Tuesday, June 5, 2018

When losing is really winning: SCOTUS rules in favor of bakery in gay wedding cake dispute, but…

A lot of digital ink has been spilled in the last day decrying the Supreme Court’s ruling in Masterpiece Cakeshop v. Colorado Civil Rights Commission as a win for the religious right and a step backward for LGBT rights. I was guilty of a little Twitter hyperbole myself after a quick first scan of the opinion.
Also, this does not give me a ton of hope that #SCOTUS will get LGBT employment issues right when that issue reaches them.

Then I sat down and read the opinion.

Quite contrarily to my initial reaction, the opinion is a nice victory for the LGBT community.

The issue in the case was whether a bakery had the right to refuse to sell a wedding cake a gay couple based on the business owner’s sincerely held religious beliefs.

The Court concluded that business owners have rights based on their religious beliefs, and gay couples have rights based on their sexual orientation. The bakery only won the case because the Colorado Civil Rights Commission failed to provide it a “neutral and respectful consideration” of its claims.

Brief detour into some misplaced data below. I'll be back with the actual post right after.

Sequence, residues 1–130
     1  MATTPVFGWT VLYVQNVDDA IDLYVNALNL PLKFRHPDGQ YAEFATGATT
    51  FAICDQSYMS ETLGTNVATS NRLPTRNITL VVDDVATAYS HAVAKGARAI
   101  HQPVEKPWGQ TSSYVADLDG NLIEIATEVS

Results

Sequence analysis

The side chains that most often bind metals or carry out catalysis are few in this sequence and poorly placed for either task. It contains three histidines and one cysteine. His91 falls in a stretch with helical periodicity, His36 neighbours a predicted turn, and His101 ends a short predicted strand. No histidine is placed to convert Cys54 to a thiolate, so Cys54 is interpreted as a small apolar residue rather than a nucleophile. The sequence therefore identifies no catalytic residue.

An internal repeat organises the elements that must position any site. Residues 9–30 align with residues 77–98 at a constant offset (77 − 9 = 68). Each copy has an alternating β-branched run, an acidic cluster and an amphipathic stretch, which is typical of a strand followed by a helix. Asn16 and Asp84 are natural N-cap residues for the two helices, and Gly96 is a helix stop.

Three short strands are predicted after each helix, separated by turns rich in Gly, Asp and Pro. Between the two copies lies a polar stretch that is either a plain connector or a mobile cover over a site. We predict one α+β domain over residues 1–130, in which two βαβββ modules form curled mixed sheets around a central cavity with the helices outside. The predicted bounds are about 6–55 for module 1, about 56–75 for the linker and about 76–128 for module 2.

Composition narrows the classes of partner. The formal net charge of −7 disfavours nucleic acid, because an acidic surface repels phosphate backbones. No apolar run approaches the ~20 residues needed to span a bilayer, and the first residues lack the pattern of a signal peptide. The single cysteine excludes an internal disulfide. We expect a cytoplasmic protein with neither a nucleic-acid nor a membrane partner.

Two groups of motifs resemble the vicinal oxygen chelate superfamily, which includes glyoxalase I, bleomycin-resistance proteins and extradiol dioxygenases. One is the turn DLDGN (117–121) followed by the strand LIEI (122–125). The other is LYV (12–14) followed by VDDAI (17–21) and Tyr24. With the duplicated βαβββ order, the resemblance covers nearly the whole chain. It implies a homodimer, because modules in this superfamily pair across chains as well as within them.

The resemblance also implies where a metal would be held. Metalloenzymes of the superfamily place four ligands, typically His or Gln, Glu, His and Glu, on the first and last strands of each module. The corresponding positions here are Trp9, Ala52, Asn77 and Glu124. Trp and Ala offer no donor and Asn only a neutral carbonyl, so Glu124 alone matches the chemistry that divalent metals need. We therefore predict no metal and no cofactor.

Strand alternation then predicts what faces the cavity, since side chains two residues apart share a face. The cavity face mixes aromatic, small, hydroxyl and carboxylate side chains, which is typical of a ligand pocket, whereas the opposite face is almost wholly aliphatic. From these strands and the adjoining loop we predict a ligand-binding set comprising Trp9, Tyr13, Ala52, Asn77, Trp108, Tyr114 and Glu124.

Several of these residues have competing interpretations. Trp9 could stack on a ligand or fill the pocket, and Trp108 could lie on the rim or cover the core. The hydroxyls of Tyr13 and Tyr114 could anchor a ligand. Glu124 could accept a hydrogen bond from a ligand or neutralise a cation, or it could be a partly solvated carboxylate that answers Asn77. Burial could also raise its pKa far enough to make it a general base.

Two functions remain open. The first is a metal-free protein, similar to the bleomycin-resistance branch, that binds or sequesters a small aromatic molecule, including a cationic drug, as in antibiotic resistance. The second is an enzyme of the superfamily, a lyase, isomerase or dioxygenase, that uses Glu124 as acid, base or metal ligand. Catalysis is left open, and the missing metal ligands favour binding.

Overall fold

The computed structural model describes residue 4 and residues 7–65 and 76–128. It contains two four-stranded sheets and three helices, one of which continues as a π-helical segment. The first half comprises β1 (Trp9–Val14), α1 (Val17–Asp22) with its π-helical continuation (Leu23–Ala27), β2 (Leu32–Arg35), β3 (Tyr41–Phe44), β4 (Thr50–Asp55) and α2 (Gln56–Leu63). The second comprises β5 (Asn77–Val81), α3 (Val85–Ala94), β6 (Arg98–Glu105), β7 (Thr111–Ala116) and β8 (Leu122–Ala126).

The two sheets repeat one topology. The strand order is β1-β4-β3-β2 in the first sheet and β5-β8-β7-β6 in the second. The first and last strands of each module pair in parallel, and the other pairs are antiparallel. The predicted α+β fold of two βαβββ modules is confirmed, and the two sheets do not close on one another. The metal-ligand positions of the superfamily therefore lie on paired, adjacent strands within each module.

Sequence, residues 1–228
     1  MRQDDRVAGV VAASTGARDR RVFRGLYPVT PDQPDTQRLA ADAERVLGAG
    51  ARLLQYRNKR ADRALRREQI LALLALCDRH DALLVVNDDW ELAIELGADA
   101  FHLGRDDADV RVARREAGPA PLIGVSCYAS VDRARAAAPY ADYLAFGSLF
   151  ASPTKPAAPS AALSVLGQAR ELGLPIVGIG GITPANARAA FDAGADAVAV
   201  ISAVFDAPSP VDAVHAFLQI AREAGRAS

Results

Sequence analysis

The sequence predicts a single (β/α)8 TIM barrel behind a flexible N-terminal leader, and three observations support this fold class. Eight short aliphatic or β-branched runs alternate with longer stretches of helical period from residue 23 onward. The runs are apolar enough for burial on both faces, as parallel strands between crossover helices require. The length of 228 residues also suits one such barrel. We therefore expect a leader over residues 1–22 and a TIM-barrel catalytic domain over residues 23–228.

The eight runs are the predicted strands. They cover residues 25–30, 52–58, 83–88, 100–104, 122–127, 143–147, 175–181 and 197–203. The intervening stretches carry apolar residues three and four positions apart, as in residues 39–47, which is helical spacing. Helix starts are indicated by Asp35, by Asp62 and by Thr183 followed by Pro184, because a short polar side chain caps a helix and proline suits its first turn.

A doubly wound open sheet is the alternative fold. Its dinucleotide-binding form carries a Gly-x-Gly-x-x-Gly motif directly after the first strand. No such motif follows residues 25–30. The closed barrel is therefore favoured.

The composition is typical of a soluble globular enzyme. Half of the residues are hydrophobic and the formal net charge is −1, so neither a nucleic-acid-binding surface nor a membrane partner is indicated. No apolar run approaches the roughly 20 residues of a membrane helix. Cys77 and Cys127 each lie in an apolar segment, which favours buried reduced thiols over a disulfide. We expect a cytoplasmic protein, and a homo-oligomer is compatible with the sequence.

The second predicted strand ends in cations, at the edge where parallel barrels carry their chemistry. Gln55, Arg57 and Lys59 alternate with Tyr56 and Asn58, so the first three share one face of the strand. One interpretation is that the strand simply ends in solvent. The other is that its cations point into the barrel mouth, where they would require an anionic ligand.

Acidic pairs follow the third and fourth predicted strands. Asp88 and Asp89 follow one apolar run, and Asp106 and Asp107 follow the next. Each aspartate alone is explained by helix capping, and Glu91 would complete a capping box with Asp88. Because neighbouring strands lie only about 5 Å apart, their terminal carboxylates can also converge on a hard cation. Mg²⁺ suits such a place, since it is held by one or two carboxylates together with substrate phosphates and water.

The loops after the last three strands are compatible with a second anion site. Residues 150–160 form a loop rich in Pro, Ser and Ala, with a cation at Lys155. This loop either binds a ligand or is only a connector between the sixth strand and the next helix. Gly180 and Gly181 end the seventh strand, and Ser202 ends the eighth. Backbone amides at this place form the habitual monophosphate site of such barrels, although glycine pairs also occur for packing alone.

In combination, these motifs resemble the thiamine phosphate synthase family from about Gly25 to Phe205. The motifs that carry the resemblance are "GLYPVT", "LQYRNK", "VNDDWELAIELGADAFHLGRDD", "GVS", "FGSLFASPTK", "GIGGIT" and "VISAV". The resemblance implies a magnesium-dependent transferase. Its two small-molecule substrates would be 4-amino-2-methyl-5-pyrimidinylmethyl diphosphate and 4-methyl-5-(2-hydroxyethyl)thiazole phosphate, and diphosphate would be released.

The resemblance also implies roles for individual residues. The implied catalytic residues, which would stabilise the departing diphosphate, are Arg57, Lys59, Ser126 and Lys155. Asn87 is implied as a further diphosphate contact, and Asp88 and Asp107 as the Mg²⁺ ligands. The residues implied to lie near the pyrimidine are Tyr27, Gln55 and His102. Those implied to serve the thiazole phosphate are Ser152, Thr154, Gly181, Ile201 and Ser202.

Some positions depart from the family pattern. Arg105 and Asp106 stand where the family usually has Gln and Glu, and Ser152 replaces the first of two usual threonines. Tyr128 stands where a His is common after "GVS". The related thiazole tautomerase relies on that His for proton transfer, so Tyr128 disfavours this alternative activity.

The Court did not conclude, nor do I think it would ever conclude, that a business has a 1st Amendment right to refuse service to a same-sex couple.

In fact, all nine members of the Court, myriad times, recognize the fundamental rights of LGBT individuals. Here’s the money quote, as least as far as concerning LGBT rights:
Our society has come to the recognition that gay persons and gay couples cannot be treated as social outcasts or as inferior in dignity and worth. For that reason the laws and the Constitution can, and in some instances must, protect them in the exercise of their civil rights. The exercise of their freedom on terms equal to others must be given great weight and respect by the courts.

If anyone tells you that gay rights lost at the Supreme Court, or that a business can refuse to sell to someone because of their LGBT status, you are now armed with the knowledge to tell them how so wrong they are. And, this case gives me hope that when other LGBT-rights issues reach SCOTUS (LGBT discrimination as sex discrimination, I’m looking right at you), SCOTUS will reach the correct and just outcome.

* Photo by Annie Spratt on Unsplash